The Queensland government announced on Thursday that the state’s northern city of Townsville will receive more resources to help reduce the number of youth offenders and their high crime rates.
An additional co-responder team will be sent to the city to target issues that can lead to youth crime, such as homelessness and drug use.
The teams are made up of police and youth justice workers and they will help tackle anti-social behaviour, check that young people are meeting their bail conditions, and help direct offenders to required services such as health and housing.
Police Minister Mark Ryan said the expansion to a second team in the city would improve safety in the community.
“This is about using all of the resources at our disposal to make our communities safer and also to make a difference in the lives of troubled youths,” Ryan said.
Youth Justice Minister Leanne Linard said it demonstrated the state government’s commitment to community safety.
“Breaking the cycle is critical and that’s exactly what these teams aim to do every time they connect vulnerable young people to services that can assist with everything from homelessness and domestic violence to substance misuse.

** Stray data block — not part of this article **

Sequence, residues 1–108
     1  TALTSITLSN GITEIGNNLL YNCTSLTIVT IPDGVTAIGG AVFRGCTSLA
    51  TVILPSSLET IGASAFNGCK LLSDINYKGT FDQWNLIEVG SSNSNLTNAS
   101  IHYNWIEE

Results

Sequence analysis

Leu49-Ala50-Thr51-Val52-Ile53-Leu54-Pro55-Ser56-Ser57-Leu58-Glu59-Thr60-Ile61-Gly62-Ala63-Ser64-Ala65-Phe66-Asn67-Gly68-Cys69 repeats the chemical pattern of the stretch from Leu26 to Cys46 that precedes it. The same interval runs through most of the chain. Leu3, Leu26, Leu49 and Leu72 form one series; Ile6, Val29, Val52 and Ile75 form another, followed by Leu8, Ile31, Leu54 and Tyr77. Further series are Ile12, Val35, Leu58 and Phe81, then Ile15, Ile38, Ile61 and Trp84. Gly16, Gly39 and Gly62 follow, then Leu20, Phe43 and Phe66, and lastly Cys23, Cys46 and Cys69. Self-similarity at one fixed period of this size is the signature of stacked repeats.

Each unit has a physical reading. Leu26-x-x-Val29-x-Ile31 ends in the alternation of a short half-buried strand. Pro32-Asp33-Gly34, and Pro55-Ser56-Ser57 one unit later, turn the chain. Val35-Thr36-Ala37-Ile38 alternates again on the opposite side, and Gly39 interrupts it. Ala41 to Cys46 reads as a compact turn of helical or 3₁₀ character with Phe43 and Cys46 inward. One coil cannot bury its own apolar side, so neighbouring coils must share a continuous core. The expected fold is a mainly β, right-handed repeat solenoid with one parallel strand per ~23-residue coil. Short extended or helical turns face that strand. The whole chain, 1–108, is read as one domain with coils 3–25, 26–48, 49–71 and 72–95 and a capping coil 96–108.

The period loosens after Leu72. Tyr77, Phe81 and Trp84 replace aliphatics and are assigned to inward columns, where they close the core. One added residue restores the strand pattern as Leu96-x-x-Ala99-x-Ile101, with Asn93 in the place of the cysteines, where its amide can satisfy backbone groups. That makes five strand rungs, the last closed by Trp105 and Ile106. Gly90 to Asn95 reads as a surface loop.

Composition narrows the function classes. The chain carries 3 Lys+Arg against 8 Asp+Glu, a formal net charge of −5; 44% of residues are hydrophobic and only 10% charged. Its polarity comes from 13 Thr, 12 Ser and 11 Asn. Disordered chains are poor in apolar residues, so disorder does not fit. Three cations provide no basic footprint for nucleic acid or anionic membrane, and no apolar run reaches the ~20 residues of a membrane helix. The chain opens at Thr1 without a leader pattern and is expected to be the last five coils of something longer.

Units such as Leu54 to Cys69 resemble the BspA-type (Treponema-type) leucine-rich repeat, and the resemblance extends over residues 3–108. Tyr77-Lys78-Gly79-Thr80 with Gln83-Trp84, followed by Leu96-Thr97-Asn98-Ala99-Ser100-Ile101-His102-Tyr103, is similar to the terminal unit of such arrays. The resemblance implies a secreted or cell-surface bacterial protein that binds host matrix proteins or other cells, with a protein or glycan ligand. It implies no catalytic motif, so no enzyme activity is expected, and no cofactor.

“However, it’s also important that young offenders comply with their bail conditions, and this is why co-responders check up on them to ensure those conditions are being met,” Linard said.
The co-responder team program, which has been deployed to eight cities around the state thus far, is part of an $11.9 million initiative aimed at reducing youth crime and providing more support to repeat offenders. A total of $290.6 million was allocated in the 2021-22 budget for youth justice services.
Opposition Leader David Crisafulli said the Queensland government needed tougher crackdown policies on youth crime.
“There are people in this community who are at their wit’s end … and anything a budget does without keeping your community safe—it’s an absolute waste of time,” Crisafulli said.
The latest government report on Australia’s youth detention population (pdf) found that Queensland had the second-highest number after New South Wales.
A June report (pdf) by the Queensland Family and Child Commission (QFCC) found that despite Aboriginal and Torres Strait Islander children accounting for seven percent of 10 to 17-year-olds in the state, they made up 45 percent of all young offenders.
In response to the data, QFCC principal commissioner Cheryl Vardon said that Aboriginal and Torres Strait Islander youth were grossly over-represented and it was an indictment on the system.
“There needs to be a shift away from a criminal focus to prevention, and we will be briefing the government and non-government agencies about these findings and proposed future directions,” Vardon told ABC news.
In May, the government announced that recidivist young offenders were to be fitted with GPS trackers as part of their bail conditions.
“The Palaszczuk Government is investing in strategies to divert young people away from crime in the first place but there are consequences for those who continue to break the law so they are held to account,” Police Minister Ryan said.
However, the opposition called the program a “stunt” after the device’s poor service coverage raised questions.